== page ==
Principles & Evidence

A variety of principles lay the foundation for the need to improving communication with seriously ill patients.

These are the principles that have shaped the Pathfinder portal

  1. Communication skills can be learned, provided that effective learning methods are used.
  2. Clinician communication training must reach clinicians who are not specialists in palliative care, because there will be insufficient numbers of trained palliative care clinicians to meet the need in the U.S. for at least another decade.1
  3. Improving clinician communication skills is a necessary step in improving care for patients with serious illness.

These foundational principles are supported by empirical findings

  • Physicians who discuss goals of care with seriously ill patients commonly fail to discuss values, and instead focus on procedures such as CPR.2 3
  • Patients who wish to be informed (the large majority of patients) commonly fail to understand their true prognosis,4 their erroneous beliefs are associated with end-of-life treatment that results in unwanted CPR, unwanted death in the hospital, and burdensome interventions in the last month of life, including chemotherapy, feeding tubes, and mechanical ventilation.5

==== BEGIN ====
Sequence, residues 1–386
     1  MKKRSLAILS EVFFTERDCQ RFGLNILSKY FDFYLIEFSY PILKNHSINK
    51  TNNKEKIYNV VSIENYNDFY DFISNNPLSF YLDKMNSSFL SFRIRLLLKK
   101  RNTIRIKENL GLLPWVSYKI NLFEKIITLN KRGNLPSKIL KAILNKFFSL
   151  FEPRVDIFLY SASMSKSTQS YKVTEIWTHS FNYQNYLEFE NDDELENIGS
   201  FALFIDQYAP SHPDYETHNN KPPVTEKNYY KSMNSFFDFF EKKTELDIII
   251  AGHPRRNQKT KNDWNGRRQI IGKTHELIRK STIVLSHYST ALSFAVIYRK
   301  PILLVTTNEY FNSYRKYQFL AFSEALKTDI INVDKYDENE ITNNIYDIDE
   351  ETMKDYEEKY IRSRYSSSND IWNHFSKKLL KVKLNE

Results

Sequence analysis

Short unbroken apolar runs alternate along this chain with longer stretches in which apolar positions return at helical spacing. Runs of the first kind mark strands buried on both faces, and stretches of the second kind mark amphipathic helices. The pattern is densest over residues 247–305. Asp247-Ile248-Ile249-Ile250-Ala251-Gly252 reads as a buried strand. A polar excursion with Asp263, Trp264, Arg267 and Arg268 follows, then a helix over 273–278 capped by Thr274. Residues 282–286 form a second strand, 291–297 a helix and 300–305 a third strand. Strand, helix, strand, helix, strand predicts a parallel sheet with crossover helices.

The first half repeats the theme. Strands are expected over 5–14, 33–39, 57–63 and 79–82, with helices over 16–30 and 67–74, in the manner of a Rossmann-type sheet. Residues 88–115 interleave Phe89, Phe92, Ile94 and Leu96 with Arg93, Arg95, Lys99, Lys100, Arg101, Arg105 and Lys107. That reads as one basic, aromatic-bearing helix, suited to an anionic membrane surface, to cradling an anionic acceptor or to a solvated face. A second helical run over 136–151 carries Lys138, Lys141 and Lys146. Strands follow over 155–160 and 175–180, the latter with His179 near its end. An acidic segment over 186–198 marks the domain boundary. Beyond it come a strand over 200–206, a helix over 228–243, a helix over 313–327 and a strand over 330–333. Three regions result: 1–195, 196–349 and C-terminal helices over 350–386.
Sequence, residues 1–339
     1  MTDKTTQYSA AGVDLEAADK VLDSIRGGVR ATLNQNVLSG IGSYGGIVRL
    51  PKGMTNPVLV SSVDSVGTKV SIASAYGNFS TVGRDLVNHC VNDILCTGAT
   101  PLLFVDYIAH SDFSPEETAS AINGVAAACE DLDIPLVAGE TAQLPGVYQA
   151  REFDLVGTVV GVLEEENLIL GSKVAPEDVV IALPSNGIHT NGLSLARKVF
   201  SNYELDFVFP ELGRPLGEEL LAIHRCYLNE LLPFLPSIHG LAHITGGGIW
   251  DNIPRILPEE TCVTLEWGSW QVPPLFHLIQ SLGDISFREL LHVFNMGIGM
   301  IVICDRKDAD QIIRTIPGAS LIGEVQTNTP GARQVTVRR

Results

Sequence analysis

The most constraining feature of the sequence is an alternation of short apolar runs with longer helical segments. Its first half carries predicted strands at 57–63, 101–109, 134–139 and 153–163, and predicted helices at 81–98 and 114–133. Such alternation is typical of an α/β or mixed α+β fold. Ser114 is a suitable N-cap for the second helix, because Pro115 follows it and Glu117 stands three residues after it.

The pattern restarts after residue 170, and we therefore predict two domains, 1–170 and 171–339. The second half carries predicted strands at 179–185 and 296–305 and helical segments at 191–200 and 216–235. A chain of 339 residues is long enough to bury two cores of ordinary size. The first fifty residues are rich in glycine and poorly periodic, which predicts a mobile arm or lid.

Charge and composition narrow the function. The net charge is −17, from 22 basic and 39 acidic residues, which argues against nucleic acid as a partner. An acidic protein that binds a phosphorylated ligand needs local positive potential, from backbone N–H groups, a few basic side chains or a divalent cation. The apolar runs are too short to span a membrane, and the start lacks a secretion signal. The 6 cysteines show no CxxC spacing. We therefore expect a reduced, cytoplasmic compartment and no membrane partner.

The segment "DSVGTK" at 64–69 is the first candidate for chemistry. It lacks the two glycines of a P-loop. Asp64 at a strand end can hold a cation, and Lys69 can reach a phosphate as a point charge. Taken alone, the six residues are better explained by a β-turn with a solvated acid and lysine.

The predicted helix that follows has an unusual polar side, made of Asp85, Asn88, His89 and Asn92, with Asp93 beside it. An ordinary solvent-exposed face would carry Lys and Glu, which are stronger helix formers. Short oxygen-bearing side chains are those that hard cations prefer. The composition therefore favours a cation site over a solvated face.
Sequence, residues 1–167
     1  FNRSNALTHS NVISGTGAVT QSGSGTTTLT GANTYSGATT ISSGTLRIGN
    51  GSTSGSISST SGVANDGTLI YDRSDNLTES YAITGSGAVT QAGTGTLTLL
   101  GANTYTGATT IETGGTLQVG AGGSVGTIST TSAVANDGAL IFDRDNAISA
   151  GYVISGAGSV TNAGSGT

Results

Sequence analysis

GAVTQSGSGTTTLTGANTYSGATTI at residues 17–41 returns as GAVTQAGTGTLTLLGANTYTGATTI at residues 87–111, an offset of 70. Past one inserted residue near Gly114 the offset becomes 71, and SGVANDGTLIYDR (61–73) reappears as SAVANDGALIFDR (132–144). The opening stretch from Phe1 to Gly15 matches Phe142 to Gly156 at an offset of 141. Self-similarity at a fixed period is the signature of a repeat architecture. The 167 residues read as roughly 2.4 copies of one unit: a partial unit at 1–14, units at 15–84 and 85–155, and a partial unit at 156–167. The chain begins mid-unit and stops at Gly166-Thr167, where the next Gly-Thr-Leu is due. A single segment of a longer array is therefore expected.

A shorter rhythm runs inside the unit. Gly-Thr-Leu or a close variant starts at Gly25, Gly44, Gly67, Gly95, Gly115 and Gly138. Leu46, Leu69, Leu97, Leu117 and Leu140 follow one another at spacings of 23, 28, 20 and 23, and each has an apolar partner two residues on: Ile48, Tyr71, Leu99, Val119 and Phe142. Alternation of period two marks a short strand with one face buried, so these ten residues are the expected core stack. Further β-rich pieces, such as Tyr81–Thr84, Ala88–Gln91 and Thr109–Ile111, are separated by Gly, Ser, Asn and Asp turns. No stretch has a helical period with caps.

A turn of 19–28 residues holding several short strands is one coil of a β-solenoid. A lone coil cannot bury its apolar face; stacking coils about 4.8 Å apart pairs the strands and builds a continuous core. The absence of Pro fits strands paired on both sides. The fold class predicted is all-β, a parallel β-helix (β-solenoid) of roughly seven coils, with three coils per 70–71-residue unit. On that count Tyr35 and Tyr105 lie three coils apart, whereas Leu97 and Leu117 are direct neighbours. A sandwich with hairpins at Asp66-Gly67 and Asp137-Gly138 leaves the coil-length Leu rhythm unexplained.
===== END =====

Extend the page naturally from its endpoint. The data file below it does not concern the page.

• Patients who report conversations with their physicians about their values and preferences are more likely to accept that their illness is incurable, more likely to want to make decisions about invasive treatments, and less likely to have unwanted treatments in the last week of life.6 7 8
  • Physicians who have not had evidence-based communication training commonly overrate their skill level when compared with patients and trained raters who look for effective behaviors 9
  • Untrained physicians fail to use the communication skills most important for goals of care conversations. For example, untrained oncologists make empathic statements in only 10% of their conversations with patients who have incurable cancers.10 Yet other studies show that the number of empathic statements made by clinicians correlates positively with information retention by patients.11
  • Evidence-based communication training changes clinician behaviors in audiotaped encounters with standardized and real patients vis-à-vis sharing serious news, discussing prognosis, and discussing goals of care.12 13 These changes correlate with increased patient trust.14
  • Medical centers with a high concentration of communication-trained clinicians have cultures that support serious illness care in ways that are noticeably different in observational studies.15